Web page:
The struggle against the coronavirus is decided not by the political systems, but by the people
The Chinese Communist Party celebrates a dubious propaganda victory over the coronavirus. The government has done some things right. But the discipline of the population is more important than their leadership.
With the looming end of the pandemic in China, state propaganda is awakening from shock. At the beginning of the crisis, she had tried to make the compatriots patriotic. The message was that the whole of China had a common enemy with the new Sars-CoV-2 virus that had to be defeated.
Coronavirus crisis: China eases lockdown in Wuhan
Today China reports almost no new infections. The tonality has changed. The state-run Xinhua news agency now reads that the battle continues but that victory is near. And the nationalist “Global Times” even goes on the attack and accuses some western states of still living in an “illusory world” because of the virus that is spreading there. The focus of the attack is on the United States, who are accused of taking advantage of China’s plight, while many other countries have lent a helping hand. A spokesman for the Chinese State Department even ventured to the crude conspiracy theory that the American military might have brought the virus to Wuhan.
Thanks To The Discipline Of The People – Xi
The Communist Party is also trying to take advantage of successes in the fight against the coronavirus in its own country. Recently, Guo Yezhou, a senior party cadre, had praised the “brilliant leadership of party and state leader Xi Jinping” during a media conference. And he did not forget to mention that the quick and efficient response of the party and the government was a major strength of the Chinese socialist system.
The thin ice on which the rulers use such phrases was shown by the reactions in China’s social networks after statements by the new party leader from Wuhan, where the virus-induced disease Covid-19 had first appeared. Wang Zhonglin was quoted as saying that one should be grateful to Xi and the Communist Party. “We have to listen to and follow the party,” was his advice. The outrage on the Internet was so great that large parts of Wang’s statements were deleted.
Xi, on the other hand, showed sensitivity when he visited Wuhan this week. He said the party thanks to the people of Wuhan. The otherwise distant and cool-looking Xi showed a form of empathy that is unknown to him. Wuhan has been cordoned off since January 23. The psychological consequences of this measure, which has proven to be correct for China at least, cannot yet be predicted. Living together for weeks in a confined space, worries about health and nutrition, and fears about the future of work will leave their mark on many Chinese. But it shouldn’t have gotten that far.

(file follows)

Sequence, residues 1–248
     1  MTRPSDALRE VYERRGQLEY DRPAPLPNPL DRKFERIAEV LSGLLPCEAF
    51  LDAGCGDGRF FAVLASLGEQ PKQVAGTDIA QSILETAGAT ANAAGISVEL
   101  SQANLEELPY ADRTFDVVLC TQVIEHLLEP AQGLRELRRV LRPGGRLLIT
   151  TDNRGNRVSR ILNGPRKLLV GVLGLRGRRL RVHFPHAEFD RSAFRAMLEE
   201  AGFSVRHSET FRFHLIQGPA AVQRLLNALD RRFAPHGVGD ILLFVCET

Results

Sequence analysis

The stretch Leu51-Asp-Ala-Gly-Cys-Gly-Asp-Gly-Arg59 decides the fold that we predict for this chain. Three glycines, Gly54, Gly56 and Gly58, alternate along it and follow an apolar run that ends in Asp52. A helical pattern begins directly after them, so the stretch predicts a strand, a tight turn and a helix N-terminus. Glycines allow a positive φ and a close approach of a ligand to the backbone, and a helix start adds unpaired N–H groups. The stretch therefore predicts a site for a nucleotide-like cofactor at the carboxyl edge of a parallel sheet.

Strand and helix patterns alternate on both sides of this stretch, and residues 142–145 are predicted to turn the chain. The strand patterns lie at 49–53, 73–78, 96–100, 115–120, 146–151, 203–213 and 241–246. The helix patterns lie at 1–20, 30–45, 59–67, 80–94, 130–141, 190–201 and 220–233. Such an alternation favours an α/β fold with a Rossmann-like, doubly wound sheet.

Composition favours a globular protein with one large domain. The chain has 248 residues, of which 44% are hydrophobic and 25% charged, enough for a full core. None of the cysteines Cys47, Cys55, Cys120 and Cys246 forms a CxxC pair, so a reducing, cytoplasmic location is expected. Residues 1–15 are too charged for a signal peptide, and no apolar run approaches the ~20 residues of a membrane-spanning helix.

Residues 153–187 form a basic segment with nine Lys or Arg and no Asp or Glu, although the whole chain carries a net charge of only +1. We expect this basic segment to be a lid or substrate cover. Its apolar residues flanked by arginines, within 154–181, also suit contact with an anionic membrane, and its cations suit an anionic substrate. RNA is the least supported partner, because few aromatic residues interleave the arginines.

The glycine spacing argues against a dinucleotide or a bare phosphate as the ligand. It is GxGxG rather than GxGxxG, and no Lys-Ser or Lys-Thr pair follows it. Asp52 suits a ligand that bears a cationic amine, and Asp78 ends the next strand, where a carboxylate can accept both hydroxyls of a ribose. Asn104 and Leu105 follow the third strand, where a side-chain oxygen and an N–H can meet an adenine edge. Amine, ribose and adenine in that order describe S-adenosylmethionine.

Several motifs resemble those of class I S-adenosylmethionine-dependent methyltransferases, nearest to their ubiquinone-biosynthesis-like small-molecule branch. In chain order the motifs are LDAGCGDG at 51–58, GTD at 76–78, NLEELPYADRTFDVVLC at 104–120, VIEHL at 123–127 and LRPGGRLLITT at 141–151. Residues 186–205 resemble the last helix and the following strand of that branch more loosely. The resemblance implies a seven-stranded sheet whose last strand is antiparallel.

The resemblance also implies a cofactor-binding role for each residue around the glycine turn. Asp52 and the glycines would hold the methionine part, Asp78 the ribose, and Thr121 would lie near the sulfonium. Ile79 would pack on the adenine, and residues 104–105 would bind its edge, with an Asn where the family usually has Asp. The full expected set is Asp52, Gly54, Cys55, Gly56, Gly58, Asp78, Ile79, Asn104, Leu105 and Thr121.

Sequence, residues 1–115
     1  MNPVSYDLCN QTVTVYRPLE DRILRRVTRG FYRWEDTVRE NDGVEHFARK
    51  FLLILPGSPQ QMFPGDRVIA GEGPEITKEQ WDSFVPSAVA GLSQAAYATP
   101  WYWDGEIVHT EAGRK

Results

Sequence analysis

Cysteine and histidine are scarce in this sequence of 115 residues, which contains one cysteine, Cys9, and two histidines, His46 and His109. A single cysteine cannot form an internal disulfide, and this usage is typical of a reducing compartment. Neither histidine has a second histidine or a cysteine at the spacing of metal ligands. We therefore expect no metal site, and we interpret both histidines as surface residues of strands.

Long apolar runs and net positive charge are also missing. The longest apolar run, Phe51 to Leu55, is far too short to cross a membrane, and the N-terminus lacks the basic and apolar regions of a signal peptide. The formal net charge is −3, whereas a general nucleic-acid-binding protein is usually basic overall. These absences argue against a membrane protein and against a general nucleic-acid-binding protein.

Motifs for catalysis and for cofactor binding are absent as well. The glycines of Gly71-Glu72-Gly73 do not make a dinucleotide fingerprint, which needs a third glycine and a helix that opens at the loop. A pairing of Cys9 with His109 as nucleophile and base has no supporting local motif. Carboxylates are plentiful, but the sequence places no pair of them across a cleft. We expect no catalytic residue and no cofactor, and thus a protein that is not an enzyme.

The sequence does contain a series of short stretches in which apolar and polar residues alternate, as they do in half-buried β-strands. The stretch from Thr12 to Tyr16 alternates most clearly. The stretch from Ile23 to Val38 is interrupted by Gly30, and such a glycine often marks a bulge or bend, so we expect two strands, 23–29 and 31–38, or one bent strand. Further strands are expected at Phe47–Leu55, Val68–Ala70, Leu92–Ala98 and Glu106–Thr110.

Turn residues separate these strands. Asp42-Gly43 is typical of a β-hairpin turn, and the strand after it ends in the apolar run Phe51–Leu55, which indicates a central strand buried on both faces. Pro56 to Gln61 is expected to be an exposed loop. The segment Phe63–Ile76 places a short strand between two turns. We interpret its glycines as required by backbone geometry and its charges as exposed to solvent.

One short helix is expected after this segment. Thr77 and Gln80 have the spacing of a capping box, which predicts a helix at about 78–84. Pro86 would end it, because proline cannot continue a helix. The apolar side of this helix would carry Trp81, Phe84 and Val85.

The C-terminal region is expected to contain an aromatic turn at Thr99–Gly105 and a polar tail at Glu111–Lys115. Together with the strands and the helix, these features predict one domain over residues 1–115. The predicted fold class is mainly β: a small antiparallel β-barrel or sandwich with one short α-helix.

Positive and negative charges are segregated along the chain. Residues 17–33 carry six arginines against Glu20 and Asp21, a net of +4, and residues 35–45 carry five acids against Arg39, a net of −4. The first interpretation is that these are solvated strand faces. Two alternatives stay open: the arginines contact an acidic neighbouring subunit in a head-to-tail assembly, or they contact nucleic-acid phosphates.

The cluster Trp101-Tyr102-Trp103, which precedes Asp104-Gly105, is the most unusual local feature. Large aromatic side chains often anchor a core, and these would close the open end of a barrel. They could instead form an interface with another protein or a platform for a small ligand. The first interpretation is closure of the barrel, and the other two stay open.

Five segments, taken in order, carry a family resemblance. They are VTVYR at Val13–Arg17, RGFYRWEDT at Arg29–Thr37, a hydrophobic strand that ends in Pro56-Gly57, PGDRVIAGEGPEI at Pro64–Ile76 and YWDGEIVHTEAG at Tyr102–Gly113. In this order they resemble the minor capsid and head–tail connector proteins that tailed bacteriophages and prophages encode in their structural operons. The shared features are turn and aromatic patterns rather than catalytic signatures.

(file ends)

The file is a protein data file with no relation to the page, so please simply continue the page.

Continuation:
The population would have been spared much suffering if those in power had listened to warning signals from Wuhan in good time. In this context, China is concerned with Ai Fen’s experience. The doctor heads the emergency room in the Wuhan central hospital. On December 30, after studying X-rays, she had already reported to colleagues about “Sars-like” diseases. However, she was reprimanded by her manager not to spread any more “rumors”.
With China not too behind from medical technology, making use of advanced computers, monitors (CS GO monitor), and medical equipment, the government should have listened to the doctors who were explaining gathered data.
The question in China remains why such warnings were taken seriously far too late. In response to the Sars pandemic 17 years ago, a system had been in place nationwide since 2007 that required medical personnel to immediately report strange cases of pneumonia. If an expert commission does not come to a result, the illnesses must be reported online to a nationwide system. Where and when the flow of information in Wuhan stalled is unclear.
There are signs that those responsible in Wuhan and Hubei were responsible for the sloppiness, also because there were important political meetings there in the first half of January. However, these events do not explain alone why one did not react in late December or early January at the latest. The party has a duty to find solutions to all of the obvious weaknesses.
However, Beijing’s approach must be recognized at least on one point. When action was finally taken, those responsible immediately took radical measures. Virologist Florian Krammer, who teaches at the New York Icahn School of Medicine at Mount Sinai, aptly put it on Twitter. It annoys him a little if he always hears the question of why he believes the Chinese statistics in response to his contributions. According to Krammer, it should be remembered that China has given the rest of the world time. “However, we did not use them,” is his conclusion.